That seith that hunters been nat holy men.
It is significant that Dame Juliana Berners is supposed by tradition (unsupported, however, by any other evidence) to have been a prioress of Sopwell. The gift of hunting rights to a nunnery is a common one; for instance, Henry II granted to Wix the right of having two greyhounds and four braches to take hares through the whole forest of Essex. Doubtless these rights were usually exercised by proxy; but considering the popularity of hunting and hawking as sports for women, a popularity so great that no lady’s education was complete if she knew not how to manage a hawk and bear herself courteously in the field, it is[Pg 309] surprising that there is not actual mention of these pastimes among nuns as well as among monks.
Besides gay clothes and pets other frivolous amusements broke at times the monotony of convent life. Dancing and mumming and minstrelsy were not unknown and the nuns shared in the merrymaking on feasts sacred and profane, as is witnessed by the account rolls of St Mary de Pré (1461-90), with their list of payments for wassail at New Year and Twelfth Night, for May games, for bread and ale on bonfire nights and for harpers and players at Christmas. In 1435 the nuns of Lymbrook were forbidden “all maner of mynstrelseys, enterludes, daunsyng or reuelyng with in your sayde holy place”, and about the same time Dean Kentwode wrote to St Helen’s Bishopsgate: “Also we enioyne you that all daunsyng and reuelyng be utterly forborne among yow, except Christmasse and other honest tymys of recreacyone among yowre self usyd in absence of seculars in all wyse”. The condemnation of dancing in nunneries is not surprising, for the attitude of medieval moralists generally to this pastime is summed up in Etienne de Bourbon’s aphorism, “The Devil is the inventor and governor and disposer of dances and dancers”. Minstrels were similarly under the ban of the church, and clerks were forbidden by canon law and by numerous papal, conciliar and episcopal injunctions to listen to their “ignominious art”, a regulation which, needless to say, went unobeyed in an age when many a bishop had his private histrio, and when the same stern reformer Grosseteste, who warned his clergy “ne mimis, ioculatoribus aut histrionibus intendant,” loved so much to hear the harp that he kept his harper’s chamber “next hys chaumbre besyde hys stody”. Langland asserts that churchmen and laymen alike spent on[Pg 310] minstrels money with which they well might have succoured the poor:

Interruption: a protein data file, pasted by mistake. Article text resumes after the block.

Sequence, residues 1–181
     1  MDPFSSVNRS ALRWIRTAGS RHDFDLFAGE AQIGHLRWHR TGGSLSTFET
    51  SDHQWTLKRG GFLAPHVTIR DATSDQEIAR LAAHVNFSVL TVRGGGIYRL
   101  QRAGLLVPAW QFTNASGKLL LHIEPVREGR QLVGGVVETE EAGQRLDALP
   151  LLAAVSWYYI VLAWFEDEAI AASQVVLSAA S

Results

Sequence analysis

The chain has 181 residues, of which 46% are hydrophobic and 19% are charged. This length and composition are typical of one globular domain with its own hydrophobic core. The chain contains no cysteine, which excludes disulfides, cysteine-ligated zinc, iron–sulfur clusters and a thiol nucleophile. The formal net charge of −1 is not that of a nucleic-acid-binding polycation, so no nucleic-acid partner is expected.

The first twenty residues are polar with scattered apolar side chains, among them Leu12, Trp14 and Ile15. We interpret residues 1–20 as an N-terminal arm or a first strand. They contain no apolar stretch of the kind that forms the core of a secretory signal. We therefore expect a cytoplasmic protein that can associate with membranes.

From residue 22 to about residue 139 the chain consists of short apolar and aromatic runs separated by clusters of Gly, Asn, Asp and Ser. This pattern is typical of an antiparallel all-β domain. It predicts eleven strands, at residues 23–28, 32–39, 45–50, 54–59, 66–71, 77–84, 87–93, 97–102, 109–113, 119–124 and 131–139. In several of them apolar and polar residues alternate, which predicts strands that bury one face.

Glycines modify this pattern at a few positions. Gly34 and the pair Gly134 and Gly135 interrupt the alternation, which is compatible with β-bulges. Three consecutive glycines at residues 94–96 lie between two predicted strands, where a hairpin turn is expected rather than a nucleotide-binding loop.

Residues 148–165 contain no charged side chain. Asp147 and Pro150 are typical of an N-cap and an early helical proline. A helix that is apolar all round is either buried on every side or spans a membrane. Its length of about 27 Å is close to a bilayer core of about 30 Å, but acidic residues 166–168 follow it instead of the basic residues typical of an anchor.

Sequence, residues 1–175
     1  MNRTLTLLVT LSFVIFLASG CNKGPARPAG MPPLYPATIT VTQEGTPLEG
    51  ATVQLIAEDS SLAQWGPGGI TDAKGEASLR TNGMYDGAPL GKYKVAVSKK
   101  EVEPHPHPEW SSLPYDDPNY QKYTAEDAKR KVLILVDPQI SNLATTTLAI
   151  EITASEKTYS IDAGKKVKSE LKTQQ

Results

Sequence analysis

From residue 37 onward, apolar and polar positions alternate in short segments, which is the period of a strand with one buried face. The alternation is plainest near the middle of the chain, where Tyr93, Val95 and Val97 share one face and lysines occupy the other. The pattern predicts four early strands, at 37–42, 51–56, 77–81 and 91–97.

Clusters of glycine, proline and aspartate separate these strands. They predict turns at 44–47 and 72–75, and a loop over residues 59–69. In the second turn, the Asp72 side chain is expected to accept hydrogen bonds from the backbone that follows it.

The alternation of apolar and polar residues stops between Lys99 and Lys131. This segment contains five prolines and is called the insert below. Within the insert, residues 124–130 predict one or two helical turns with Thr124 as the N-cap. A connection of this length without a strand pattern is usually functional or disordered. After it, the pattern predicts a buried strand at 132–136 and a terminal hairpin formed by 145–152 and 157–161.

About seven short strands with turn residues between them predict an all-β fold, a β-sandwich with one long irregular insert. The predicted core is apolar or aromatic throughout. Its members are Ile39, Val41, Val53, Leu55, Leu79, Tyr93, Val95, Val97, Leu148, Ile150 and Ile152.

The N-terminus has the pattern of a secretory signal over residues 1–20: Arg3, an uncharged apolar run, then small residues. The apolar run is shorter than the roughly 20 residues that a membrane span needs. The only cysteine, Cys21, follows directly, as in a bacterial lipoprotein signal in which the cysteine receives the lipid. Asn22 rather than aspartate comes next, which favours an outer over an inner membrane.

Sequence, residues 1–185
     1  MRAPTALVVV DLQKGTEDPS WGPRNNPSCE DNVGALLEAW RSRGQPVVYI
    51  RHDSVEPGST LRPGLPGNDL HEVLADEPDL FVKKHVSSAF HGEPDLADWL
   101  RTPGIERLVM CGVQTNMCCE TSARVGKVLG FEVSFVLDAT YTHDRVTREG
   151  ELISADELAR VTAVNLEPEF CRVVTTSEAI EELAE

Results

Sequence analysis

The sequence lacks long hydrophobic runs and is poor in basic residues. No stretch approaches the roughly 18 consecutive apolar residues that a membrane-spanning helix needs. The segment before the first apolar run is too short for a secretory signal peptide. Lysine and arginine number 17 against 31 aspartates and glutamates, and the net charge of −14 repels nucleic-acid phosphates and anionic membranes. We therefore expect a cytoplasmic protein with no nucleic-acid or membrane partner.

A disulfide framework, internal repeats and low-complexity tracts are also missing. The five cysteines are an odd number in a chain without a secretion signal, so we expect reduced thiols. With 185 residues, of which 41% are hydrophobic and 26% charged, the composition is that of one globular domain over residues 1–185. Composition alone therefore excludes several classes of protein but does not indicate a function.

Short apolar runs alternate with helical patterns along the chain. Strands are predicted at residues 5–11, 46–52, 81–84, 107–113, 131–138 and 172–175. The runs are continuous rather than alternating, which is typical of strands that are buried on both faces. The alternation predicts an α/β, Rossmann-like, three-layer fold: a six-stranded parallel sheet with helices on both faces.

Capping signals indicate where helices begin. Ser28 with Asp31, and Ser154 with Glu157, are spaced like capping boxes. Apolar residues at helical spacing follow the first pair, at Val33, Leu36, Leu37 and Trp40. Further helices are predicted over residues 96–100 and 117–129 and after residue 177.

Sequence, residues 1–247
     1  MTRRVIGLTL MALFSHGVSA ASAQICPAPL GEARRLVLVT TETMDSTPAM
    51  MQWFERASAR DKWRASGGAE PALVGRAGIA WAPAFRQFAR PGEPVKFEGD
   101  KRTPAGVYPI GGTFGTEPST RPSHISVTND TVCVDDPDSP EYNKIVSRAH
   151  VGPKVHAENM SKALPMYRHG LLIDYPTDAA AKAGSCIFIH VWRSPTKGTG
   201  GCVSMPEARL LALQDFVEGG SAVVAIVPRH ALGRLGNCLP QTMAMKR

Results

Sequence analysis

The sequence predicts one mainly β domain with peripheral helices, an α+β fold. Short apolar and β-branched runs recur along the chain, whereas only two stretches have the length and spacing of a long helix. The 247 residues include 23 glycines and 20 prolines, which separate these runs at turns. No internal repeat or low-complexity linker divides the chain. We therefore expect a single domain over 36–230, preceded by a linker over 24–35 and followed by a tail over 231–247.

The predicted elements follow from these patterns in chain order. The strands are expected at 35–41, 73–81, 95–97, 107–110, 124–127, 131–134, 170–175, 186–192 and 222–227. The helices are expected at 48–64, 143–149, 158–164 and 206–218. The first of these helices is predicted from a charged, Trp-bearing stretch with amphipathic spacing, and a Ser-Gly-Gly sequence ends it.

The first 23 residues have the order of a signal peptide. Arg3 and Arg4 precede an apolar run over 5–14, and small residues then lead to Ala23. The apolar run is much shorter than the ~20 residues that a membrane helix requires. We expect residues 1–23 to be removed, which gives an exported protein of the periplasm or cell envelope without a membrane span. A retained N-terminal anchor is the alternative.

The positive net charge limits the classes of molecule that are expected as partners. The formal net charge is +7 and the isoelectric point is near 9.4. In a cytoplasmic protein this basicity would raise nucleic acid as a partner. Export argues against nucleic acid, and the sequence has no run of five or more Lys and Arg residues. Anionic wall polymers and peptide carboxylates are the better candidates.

Clerkus and knyȝtes · welcometh kynges mynstrales,
And for loue of here lordes · lithen hem at festes;
Muche more, me thenketh · riche men auhte
Haue beggars by-fore hem · which beth godes mynstrales.